U.K. Prosecutor Drops Two From Airbus GPT Saudi InvestigationBy
SFO told two men questioned in 2014 it’s not pursuing charges
Prosecutor was probing bribery allegations in Saudi Arabia
The U.K. Serious Fraud Office dropped its investigation into at least two employees at Airbus Group SE’s GPT unit who were questioned in 2014 in relation to bribery allegations in Saudi Arabia, according to people with knowledge of the situation.
The white-collar crime prosecutor informed GPT Special Project Management’s one-time commercial director Richard Moody and Chief Financial Officer Laurence Bryant in recent months it’s not pursuing charges against them, said four people who asked not to be named because the decisions aren’t public.
Another former employee, Malcolm Peto, was told by the SFO that prosecutors weren’t in a position to make a decision yet on his case, according to his lawyer, Miranda Ching. Jeff Cook, who like Peto was a managing director in the division, is still under investigation, the people said.
The SFO made arrests and questioned at least six individuals, including two employees from the U.K. Ministry of Defence, in July 2014, two years after opening an investigation into the Airbus unit. The probe involved allegations that the Riyadh-based subsidiary paid bribes to win a $3.3 billion contract to provide communications and intranet services for the Saudi National Guard among others.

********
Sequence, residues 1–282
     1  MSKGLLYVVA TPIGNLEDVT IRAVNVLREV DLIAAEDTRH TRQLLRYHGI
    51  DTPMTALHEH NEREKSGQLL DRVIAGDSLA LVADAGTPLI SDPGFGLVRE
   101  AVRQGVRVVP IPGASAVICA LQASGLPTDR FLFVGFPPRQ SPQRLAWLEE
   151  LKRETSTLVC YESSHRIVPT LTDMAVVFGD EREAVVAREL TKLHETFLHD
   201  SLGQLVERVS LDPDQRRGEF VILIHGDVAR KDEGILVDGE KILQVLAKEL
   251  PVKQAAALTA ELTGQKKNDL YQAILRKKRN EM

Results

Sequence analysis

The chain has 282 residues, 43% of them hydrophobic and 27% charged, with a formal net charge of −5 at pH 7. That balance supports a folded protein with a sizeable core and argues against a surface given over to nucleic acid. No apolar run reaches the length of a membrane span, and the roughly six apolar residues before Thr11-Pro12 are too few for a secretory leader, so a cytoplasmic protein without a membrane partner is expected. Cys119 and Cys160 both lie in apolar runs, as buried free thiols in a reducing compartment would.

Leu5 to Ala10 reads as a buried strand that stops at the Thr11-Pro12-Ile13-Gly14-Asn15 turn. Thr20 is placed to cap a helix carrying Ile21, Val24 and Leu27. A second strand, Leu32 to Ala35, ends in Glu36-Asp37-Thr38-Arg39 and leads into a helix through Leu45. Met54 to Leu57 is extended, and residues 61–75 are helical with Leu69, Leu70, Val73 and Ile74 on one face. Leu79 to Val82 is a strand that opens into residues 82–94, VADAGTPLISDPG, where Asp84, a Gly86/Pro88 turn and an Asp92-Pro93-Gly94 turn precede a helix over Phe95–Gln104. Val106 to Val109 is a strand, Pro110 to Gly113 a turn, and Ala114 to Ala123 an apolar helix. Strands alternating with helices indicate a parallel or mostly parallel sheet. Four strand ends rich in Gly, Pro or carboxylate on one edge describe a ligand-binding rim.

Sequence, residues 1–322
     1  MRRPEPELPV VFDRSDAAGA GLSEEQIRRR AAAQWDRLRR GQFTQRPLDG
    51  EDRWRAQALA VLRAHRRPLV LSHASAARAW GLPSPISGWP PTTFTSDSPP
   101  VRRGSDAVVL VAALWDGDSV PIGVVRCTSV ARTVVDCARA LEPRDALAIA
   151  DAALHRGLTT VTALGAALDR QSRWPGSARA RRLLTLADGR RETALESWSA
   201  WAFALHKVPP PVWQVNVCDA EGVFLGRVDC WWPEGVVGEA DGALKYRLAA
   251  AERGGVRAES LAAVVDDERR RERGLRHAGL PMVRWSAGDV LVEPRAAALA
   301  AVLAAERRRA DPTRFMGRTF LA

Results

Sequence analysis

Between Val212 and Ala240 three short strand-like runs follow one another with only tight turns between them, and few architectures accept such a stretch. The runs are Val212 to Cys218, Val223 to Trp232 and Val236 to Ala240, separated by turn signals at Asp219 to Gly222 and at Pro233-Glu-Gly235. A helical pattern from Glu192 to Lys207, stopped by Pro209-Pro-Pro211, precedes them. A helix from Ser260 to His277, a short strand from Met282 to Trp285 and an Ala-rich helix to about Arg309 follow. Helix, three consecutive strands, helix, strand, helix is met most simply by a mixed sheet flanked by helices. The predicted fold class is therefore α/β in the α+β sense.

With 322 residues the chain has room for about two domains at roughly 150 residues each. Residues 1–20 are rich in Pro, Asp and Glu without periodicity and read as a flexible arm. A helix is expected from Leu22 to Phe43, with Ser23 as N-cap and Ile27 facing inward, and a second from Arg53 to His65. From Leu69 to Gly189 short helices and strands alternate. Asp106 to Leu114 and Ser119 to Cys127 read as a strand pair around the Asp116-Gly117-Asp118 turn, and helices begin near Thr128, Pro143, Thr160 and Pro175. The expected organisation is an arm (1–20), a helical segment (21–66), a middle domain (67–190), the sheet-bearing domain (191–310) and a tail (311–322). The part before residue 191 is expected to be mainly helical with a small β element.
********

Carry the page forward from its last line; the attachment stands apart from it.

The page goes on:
The Airbus probes is one of several high-profile bribery investigations opened by the SFO in recent years. Rolls-Royce Holdings Plc was ordered to pay 510 million pounds ($639 million) last month as part of a settlement with the prosecutor to resolve three decades of bribery and corruption.
GPT was acquired by Airbus’s predecessor, European Aeronautic, Defence & Space Co., in 2007. EADS was re-named Airbus in 2014. Lawyers for the men declined to comment, as did a spokeswoman for the SFO. A spokesman for Toulouse, France-based Airbus said the company was cooperating with the investigation.
Allegations of corruption at GPT first emerged when a whistle-blower disclosed concerns in 2010. Airbus conducted an internal investigation and said it found no evidence of illegality. It then instructed PricewaterhouseCoopers to carry out a second, independent, review of the business, which was passed to the prosecutor in March 2012. Despite PwC’s conclusions that there were no improper payments, the SFO opened an investigation in August 2012.
Separately, the SFO opened another investigation into Airbus’s practices around the use of third parties in selling planes and arranging financing overseas in July 2016. Airbus said in April that management had identified questionable use of third parties and alerted the U.K. and other regulators, but the formal investigation brought the issue to a new, more serious level.